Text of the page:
It’s been a year since Google expanded its bug bounty program to cover vulnerabilities found in Android devices, and the company is celebrating by sharing some of the results. Over the past twelve months Google has paid out more than $550,000 to 82 people for their discoveries, with an average of $2,200 per reward and $6,700 per researcher. The year's top performer was Peter Pi (@heisecode) who earned $75,750 for 26 reports.
Google also paid $10,000 or more to 15 researchers, but no one managed to snag the top prize for a complete remote exploit chain leading to TrustZone or Verified Boot compromise.
Android's Media Server component accounted for more than a third of the 250 bugs reported over the past year. This should prove less problematic with Android N which has been redesigned so key processes are separated into different sandboxes, with access to resources such as the camera or GPU granted as needed only. Google also noted that while the program is focused on Nexus devices, more than a quarter of the reported issues affect code developed and used outside of the Android Open Source Project.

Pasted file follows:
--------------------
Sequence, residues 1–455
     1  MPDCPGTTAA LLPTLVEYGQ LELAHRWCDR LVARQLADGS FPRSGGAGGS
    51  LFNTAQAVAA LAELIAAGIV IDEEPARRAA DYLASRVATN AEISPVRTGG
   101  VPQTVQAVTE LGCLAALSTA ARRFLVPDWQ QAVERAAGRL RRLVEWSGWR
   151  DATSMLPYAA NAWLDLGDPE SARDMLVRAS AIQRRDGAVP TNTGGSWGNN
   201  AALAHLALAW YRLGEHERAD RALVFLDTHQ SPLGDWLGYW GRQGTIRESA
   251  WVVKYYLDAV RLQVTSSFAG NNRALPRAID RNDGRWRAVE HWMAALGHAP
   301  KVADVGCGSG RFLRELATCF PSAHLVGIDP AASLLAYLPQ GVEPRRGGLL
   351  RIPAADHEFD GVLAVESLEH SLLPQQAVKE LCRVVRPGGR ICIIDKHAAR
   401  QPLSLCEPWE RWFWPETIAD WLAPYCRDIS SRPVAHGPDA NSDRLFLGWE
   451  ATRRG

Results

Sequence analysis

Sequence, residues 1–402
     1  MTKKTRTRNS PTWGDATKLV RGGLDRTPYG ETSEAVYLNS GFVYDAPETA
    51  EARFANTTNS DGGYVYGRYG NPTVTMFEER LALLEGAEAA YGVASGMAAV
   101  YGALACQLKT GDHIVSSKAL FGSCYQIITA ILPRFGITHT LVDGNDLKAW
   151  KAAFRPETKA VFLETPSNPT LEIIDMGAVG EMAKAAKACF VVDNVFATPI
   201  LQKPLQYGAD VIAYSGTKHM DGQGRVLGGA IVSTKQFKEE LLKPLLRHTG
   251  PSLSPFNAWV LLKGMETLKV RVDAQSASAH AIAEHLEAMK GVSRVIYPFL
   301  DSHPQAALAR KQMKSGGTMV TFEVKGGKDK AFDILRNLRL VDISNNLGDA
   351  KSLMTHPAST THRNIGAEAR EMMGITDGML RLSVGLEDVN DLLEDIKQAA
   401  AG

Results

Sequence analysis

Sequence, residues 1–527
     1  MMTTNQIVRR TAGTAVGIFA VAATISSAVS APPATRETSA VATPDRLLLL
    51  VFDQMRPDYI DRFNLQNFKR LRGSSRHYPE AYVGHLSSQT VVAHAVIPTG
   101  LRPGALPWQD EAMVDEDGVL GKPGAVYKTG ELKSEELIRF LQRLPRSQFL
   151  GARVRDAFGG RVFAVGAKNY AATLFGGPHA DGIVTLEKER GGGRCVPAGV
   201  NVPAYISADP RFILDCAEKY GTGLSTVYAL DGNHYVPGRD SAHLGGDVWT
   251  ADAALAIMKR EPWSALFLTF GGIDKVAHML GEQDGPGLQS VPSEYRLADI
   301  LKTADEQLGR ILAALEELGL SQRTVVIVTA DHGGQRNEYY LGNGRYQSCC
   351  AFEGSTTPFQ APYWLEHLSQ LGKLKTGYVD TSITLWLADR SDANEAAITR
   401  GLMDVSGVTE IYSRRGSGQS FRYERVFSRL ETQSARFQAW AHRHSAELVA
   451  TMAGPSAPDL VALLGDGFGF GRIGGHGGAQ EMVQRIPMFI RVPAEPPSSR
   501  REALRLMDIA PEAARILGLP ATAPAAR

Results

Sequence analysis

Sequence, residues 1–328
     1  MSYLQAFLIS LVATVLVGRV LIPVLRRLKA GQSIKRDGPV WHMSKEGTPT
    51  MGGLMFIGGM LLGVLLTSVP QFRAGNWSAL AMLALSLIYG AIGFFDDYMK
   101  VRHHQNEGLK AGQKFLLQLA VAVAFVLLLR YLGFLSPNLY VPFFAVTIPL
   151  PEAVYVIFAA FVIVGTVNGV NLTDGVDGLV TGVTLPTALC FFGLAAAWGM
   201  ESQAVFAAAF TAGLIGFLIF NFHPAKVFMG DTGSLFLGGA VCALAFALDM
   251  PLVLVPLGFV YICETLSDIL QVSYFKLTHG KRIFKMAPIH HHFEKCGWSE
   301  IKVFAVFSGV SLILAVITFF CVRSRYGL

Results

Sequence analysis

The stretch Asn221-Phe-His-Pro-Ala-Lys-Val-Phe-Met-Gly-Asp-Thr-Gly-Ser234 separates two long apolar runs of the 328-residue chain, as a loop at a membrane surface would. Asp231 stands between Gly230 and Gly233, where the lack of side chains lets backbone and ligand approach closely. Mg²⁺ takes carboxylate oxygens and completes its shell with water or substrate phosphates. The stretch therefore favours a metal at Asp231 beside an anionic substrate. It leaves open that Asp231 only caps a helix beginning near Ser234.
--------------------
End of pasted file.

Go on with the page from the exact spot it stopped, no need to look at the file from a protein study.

Going forward Google said it will offer more money for reports filed after June 1st, 2016. Specifically, a high-quality bug report with a proof of concept will net security researchers 33% more, while also providing a patch will result in a 50% bump in the payout. In addition Google is also raising the stakes for a couple of specific exploits. For example, the rewards for a remote or proximal kernel exploit goes from $20,000 to $30,000, and compromising the TrustZone or Verified Boot will bring highest reward up to $50,000 instead of $30,000.